Read headlines around the world and it seems as if most of the important high tech companies are actively engaged in antitrust investigations or litigation.  These cases are fundamental to the very business models across software, hardware and pharmaceutical industries.  Our edited book The Cambridge Handbook of Antitrust, Intellectual Property and High Tech brings together a group of international experts in law and economics to better understand some of the complexities in this interface.  We thought it was important to have diverse voices.  This means that we have significant treatment of antitrust issues (called competition law outside of the United States) across the globe.

In some settings, readers will see that the same issues are played out differently in case law across different legal regimes.  This set of differential outcomes creates a situation that increases the costs of business planning.  In some settings, the more stringent antitrust system in terms of hostility to business conduct may produce the global standard.  The outcome of antitrust cases should matter to a broader set of readers.  If there is a more rigid application of antitrust rules, this rigidity threatens to hurt consumers and innovation.  Likewise, if antitrust is too lenient, then abusive conduct may chill innovation and hurt consumers via unlawful conduct.  Finding the right balance that balances competition and innovation may be difficult.  Chapters of the Handbook provide an overview of each theme.  It then synthesizes the extant literature to provide recommendations as to policy.

Examining some of these hot topics includes Nicolas Petit’s chapter on “The antitrust and intellectual property intersection in European Union law.”  European antitrust has been active in terms of areas such as the antitrust-patent interface such as for FRAND licensing and pharmaceuticals.  We have similar coverage in China with Thomas Cheng’s chapter on “The IP-antitrust interface in China: an uncharted territory.”  In the United States the policy salience of similar issues also receive coverage in the book, both from the standpoint of law and economics.  For example, Joshua Gans introduces the “Economics of innovation” while Anne Layne-Farrar discusses “The economics of FRAND.”  In terms of legal treatment, I have a chapter that asks “Does antitrust have a role to play in regulating big data?” There are legal treatments of “Drug patent settlements” by Michael Carrier and “Patent pools and related technology sharing” by Erik Hovenkamp and Herbert Hovenkamp.  These are but a sampling of chapters.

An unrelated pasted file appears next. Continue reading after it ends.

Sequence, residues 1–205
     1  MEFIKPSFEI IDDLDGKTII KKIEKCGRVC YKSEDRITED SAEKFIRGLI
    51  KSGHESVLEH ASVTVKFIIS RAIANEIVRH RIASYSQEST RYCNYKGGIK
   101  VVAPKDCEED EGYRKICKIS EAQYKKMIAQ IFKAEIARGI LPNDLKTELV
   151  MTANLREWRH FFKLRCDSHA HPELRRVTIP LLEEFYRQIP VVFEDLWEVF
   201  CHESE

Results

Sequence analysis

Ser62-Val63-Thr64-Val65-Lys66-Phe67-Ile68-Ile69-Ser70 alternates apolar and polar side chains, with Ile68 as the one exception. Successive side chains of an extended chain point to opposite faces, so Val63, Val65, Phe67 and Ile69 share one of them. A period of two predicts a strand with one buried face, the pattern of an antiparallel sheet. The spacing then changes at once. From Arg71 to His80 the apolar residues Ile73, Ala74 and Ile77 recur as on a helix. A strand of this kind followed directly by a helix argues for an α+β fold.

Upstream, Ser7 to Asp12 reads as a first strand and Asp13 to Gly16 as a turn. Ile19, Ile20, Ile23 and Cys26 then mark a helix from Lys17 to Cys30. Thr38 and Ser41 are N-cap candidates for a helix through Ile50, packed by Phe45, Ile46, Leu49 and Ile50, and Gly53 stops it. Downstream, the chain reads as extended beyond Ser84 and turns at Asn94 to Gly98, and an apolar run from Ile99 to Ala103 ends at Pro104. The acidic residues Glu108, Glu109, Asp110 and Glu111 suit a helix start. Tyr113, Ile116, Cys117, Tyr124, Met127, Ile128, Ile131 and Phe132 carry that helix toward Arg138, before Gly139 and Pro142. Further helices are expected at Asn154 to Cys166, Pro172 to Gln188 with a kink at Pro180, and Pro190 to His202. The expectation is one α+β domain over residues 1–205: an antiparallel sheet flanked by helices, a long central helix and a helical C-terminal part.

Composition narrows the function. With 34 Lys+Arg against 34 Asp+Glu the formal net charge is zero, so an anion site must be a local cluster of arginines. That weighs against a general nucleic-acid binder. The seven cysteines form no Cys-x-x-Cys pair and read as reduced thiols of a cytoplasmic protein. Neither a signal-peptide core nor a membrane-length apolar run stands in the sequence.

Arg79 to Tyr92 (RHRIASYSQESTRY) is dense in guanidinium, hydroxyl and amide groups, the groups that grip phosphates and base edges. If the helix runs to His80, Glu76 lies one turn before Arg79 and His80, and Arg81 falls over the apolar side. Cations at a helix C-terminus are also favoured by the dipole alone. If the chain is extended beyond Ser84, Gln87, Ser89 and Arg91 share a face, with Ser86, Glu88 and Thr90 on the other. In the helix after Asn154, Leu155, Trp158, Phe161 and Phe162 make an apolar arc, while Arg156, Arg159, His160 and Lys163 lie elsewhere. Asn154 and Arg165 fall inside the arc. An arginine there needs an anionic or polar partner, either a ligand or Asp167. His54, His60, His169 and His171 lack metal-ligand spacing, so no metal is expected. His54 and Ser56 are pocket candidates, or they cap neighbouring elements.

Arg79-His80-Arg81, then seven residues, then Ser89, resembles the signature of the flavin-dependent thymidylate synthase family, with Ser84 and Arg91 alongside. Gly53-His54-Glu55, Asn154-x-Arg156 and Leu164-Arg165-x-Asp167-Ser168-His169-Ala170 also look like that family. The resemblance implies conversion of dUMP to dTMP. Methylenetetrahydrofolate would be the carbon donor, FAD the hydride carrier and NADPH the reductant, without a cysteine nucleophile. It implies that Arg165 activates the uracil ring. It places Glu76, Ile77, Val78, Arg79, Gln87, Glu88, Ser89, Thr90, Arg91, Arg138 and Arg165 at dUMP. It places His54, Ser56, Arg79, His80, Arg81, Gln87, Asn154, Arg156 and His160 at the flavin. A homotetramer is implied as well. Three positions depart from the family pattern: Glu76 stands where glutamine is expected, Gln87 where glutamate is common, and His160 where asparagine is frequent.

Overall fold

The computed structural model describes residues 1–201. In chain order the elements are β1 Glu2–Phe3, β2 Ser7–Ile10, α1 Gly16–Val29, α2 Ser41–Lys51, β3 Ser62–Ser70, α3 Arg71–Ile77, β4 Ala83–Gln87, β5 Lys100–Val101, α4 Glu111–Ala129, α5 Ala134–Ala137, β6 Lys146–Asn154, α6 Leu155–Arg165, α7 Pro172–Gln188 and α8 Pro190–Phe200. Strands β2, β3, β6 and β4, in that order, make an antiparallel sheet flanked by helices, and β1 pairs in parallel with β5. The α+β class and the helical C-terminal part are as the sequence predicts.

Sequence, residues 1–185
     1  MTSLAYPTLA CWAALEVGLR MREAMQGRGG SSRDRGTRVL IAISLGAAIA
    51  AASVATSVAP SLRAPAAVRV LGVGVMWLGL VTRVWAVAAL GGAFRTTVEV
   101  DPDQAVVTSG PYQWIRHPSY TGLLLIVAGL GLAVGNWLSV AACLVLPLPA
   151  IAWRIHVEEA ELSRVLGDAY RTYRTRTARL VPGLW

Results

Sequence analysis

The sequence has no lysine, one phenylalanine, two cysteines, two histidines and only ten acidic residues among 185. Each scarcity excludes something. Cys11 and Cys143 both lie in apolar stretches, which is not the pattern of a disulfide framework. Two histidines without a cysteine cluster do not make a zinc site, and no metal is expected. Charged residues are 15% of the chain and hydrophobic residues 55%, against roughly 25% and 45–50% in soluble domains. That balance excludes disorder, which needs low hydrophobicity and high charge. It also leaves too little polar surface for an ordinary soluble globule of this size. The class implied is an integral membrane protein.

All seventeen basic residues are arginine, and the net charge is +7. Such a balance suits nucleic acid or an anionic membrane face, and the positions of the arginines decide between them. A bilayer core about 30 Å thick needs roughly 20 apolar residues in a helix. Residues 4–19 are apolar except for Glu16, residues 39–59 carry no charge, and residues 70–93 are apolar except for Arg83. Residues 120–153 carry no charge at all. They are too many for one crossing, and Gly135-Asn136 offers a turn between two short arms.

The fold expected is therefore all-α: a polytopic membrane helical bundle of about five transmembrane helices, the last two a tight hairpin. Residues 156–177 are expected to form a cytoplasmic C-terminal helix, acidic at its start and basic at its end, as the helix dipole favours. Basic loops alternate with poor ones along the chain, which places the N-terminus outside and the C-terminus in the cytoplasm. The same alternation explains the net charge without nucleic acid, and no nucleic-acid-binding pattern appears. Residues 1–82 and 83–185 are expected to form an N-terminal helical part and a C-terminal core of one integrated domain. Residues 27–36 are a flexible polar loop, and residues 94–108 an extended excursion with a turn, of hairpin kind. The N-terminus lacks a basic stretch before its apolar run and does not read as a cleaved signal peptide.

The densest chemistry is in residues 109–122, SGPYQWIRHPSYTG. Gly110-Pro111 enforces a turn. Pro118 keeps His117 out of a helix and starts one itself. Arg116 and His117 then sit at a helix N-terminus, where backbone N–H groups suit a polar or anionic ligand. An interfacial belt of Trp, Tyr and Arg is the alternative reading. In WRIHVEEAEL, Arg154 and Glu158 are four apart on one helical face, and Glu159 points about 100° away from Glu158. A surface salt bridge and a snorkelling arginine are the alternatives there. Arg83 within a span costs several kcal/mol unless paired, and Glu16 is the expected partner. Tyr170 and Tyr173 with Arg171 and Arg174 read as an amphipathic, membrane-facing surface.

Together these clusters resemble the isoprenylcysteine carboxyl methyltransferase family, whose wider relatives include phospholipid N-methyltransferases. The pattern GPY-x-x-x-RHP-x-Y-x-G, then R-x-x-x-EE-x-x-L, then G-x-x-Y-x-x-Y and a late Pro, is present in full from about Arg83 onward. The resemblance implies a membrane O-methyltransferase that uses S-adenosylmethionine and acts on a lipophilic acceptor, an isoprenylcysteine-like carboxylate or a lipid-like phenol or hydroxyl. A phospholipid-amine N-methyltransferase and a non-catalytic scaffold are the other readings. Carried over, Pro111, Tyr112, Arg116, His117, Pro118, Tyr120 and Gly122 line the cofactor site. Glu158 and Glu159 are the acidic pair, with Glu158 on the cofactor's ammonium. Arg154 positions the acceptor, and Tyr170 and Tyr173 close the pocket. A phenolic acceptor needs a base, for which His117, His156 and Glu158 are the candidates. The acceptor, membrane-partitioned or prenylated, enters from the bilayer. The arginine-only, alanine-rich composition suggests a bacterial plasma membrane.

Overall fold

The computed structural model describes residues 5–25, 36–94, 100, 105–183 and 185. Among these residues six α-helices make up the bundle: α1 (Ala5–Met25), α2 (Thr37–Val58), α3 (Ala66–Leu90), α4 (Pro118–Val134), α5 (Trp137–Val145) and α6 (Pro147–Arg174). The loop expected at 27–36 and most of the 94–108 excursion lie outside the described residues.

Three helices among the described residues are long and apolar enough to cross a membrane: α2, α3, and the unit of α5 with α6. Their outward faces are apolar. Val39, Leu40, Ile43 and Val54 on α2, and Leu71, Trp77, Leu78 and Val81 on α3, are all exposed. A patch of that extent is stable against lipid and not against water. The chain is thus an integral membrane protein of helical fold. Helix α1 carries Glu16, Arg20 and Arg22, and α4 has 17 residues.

The book should be of interest to scholars of antitrust, innovation, intellectual property across fields such as law, economics and management.

Read The Cambridge Handbook of Antitrust, Intellectual Property, and High Tech on Core.

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